Thanks again!

                      Throwing out some ideas for you with regard to this ----

                      We do flashcard review in the car. No joke. Older kids read them aloud to their younger siblings, etc.

                      AUDIOBOOKS on the drive -- we will often listen to our literature selections in the car, or the Famous Men series. I'm hoping for SOMEONE to record the Dorothy Mills books before my twins get to them. Listening to the older siblings' audiobooks are even engaging for my littles. My 5yo interrupted me the other day when I was working through some questions for literature for his brothers. I chided him for butting in, and said, "You don't know about this story." He looked at me with a stinkeye and said, "Oh yes I do. The brother leaves and joins the White Witch. We listened to it the other night." Color me shocked! (and humbled)

                      I TRY to bundle doctor visits and outside appointments if I can --- and I shoot for the afternoons, that way I can at least get a morning of school completed. Do you think that would work?
                      Plans for 2019-20

                      DD1 - 24 - College Grad and rocking her own bakery business
                      DD2 - 13 - 8A Louisville HLS Cottage School and MPOA
                      DS3 - 11 - 4A Louisville HLS Cottage School
                      DS4 - 11 - 4A Louisville HLS Cottage School
                      DD5 - 7 - MP2, Louisville HLS Cottage School
                      DS6 - 5 - MP K

                      [url]www.thekennedyadventures.com/all-about-our-memoria-press-homeschool[/url]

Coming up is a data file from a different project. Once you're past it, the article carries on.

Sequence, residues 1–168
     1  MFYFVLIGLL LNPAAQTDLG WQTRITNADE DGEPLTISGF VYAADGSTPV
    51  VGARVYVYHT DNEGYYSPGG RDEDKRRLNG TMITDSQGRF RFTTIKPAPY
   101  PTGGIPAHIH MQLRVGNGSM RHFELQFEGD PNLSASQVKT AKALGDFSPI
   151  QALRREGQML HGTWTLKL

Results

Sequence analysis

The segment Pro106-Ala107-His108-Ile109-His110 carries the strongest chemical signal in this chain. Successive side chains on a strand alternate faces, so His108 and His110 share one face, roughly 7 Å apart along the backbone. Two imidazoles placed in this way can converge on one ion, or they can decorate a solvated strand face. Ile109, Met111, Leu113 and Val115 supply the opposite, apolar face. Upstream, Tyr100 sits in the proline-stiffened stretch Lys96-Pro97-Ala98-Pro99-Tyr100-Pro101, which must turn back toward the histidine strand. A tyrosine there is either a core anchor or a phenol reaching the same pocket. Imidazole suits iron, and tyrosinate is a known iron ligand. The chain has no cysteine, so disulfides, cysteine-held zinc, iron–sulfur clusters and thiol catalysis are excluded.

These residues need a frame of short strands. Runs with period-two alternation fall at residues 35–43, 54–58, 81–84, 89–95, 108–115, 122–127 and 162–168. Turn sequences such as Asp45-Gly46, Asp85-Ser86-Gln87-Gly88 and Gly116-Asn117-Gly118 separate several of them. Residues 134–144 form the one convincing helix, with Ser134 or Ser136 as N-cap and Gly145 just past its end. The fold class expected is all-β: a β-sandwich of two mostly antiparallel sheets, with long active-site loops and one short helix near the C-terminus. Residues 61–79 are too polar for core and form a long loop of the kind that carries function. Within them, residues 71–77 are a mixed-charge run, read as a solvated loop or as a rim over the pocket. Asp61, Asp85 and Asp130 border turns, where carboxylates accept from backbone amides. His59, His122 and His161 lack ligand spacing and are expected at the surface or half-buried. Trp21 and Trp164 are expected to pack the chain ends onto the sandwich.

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                        #12
                        Originally posted by DiannaKennedy View Post


                        Throwing out some ideas for you with regard to this ----

                        We do flashcard review in the car. No joke. Older kids read them aloud to their younger siblings, etc.

                        AUDIOBOOKS on the drive -- we will often listen to our literature selections in the car, or the Famous Men series. I'm hoping for SOMEONE to record the Dorothy Mills books before my twins get to them. Listening to the older siblings' audiobooks are even engaging for my littles. My 5yo interrupted me the other day when I was working through some questions for literature for his brothers. I chided him for butting in, and said, "You don't know about this story." He looked at me with a stinkeye and said, "Oh yes I do. The brother leaves and joins the White Witch. We listened to it the other night." Color me shocked! (and humbled)

                        I TRY to bundle doctor visits and outside appointments if I can --- and I shoot for the afternoons, that way I can at least get a morning of school completed. Do you think that would work?
                        Flashcards in the car might work! My older daughter might be able to manage that with my son. We will give that one a try next therapy day.
                        Thanks!
                        Catherine

                        2019-20
                        DS16, 10th
                        DS13, 7th
                        DS11, 6th
                        DD11, 6th
                        DS7, 1st
                        DD4, JrK
                        DS 17 mos

                        Homeschooling 4 with MP
                        2 in classical school